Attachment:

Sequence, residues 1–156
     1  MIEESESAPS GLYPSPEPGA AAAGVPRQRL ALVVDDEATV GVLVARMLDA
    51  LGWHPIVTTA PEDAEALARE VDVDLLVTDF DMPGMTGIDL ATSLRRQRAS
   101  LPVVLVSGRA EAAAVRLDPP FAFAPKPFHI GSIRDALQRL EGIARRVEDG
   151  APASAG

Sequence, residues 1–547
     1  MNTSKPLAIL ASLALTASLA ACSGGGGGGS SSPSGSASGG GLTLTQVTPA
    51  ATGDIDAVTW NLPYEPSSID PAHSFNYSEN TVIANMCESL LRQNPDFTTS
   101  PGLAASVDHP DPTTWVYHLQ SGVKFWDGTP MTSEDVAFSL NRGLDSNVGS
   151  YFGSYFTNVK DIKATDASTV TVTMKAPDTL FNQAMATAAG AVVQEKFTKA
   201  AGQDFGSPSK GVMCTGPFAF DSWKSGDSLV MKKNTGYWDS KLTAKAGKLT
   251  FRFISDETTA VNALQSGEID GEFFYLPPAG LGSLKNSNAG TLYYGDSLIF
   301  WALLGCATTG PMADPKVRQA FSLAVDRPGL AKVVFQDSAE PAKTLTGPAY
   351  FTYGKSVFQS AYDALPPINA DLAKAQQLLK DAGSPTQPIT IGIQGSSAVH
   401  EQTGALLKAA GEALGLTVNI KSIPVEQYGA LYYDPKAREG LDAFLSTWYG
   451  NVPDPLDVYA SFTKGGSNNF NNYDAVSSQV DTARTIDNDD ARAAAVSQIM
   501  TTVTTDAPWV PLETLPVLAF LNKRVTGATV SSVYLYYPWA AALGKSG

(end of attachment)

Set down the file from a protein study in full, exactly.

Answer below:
Sequence, residues 1–156
     1  MIEESESAPS GLYPSPEPGA AAAGVPRQRL ALVVDDEATV GVLVARMLDA
    51  LGWHPIVTTA PEDAEALARE VDVDLLVTDF DMPGMTGIDL ATSLRRQRAS
   101  LPVVLVSGRA EAAAVRLDPP FAFAPKPFHI GSIRDALQRL EGIARRVEDG
   151  APASAG

Sequence, residues 1–547
     1  MNTSKPLAIL ASLALTASLA ACSGGGGGGS SSPSGSASGG GLTLTQVTPA
    51  ATGDIDAVTW NLPYEPSSID PAHSFNYSEN TVIANMCESL LRQNPDFTTS
   101  PGLAASVDHP DPTTWVYHLQ SGVKFWDGTP MTSEDVAFSL NRGLDSNVGS
   151  YFGSYFTNVK DIKATDASTV TVTMKAPDTL FNQAMATAAG AVVQEKFTKA
   201  AGQDFGSPSK GVMCTGPFAF DSWKSGDSLV MKKNTGYWDS KLTAKAGKLT
   251  FRFISDETTA VNALQSGEID GEFFYLPPAG LGSLKNSNAG TLYYGDSLIF
   301  WALLGCATTG PMADPKVRQA FSLAVDRPGL AKVVFQDSAE PAKTLTGPAY
   351  FTYGKSVFQS AYDALPPINA DLAKAQQLLK DAGSPTQPIT IGIQGSSAVH
   401  EQTGALLKAA GEALGLTVNI KSIPVEQYGA LYYDPKAREG LDAFLSTWYG
   451  NVPDPLDVYA SFTKGGSNNF NNYDAVSSQV DTARTIDNDD ARAAAVSQIM
   501  TTVTTDAPWV PLETLPVLAF LNKRVTGATV SSVYLYYPWA AALGKSG